Info Flow

When did we lose our way? How did it happen? What was the reasoning behind horse owners asking questions about health care, putting up money for research to find answers, then being ignored when breakthroughs occurred? I've been asking these questions for years, and there are no answers.

Oh, there are replies. And there are valid points made, the most reasonable of which is that without having academic peers review the science behind the research, any research, whether valid or not, could be put forth to the lay person. Therefore, anyone could do "research" and come up with "answers" to a problem that might or might not be scientifically valid, or even safe for horses. That is a strong statement.

Yet, why should horse owners have to wait sometimes two years or more for information to be published in a peer-reviewed journal before they have access? What if the Gluck Equine Research Center in Kentucky had waited until they had a cure for EPM before offering guidance to desperate horse owners? What if The Ohio State University had said they couldn't do any surgeries on wobblers until they were absolutely sure that there was no better way to treat these horses? What if breeders weren't told about CID in horses, and they continued to produce foals which died and horses which carried the trait to the next generation?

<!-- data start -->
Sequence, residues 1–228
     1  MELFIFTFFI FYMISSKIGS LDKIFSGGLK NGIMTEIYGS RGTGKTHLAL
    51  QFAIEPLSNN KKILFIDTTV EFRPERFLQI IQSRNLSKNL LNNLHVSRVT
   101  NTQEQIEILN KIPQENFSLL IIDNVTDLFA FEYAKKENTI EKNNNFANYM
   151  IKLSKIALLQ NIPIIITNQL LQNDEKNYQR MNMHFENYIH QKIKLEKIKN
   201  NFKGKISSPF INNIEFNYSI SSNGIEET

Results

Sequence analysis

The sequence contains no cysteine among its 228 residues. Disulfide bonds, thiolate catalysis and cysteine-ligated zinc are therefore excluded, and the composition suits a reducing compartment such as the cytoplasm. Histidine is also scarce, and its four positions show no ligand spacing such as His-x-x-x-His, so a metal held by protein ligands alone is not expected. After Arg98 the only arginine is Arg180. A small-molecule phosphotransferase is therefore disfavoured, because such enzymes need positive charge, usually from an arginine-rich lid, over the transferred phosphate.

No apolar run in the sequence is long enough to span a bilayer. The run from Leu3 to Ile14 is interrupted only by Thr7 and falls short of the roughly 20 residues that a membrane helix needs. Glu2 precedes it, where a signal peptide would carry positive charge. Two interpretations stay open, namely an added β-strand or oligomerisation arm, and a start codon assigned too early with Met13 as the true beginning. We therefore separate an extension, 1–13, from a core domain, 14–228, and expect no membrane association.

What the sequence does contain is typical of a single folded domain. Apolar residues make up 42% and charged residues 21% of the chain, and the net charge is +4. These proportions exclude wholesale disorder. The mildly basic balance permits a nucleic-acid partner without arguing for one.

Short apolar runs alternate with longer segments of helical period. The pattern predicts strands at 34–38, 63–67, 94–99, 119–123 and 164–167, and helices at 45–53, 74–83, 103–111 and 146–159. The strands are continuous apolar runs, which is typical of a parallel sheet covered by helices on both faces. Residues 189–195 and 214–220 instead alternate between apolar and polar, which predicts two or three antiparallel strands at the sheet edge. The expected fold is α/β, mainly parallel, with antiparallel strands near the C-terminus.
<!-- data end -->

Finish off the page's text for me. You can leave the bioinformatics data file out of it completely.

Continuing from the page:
The answer to all of these is trouble and heartache for horse owners, their horses, and their veterinarians!

Sometimes breakthroughs in equine health care are made, yet they are reported in obscure or esoteric publications, sometimes in foreign countries. How long is too long to wait for that information to be transported, or translated, to horse owners and their veterinarians here in the United States? One sick horse is too long.

The Horse is striving to act as a conduit and a repository for this information. In a perfect world, once these papers were accepted by the peer-reviewed publication, an abstract, or the basic information from the research, could be put into the public domain so everyone can benefit. A simple synopsis, in lay language, that could be available to anyone, anywhere. Horse owners could look in one place to find the latest information about to be published on EPM, wobblers, or CID. They could find out who is doing the research and what that research hopes to accomplish.

Are a few words--i.e., when administering Daraprim to EPM horses, it should be given one hour before or two hours after feeding hay--of benefit to horse owners?

Of course they are!

Should horse owners or their veterinarians have to wait for a paper to be published on a topic, or a speaker to discuss breakthroughs at a seminar, to find out about these management or educational tidbits that could keep horses healthier, or even alive?

Of course not!

So why is that happening? Tradition. Because researchers need peer-reviewed publications in order to verify their work. They need peer-reviewed publications in order to advance in their careers. They need peer-reviewed publications in order to get funding to do even more research. But to get funding, they have to prove to horse owners and fellow researchers and veterinarians that their work has potential merit, and for that, they cite need in the industry.

Then the industry waits.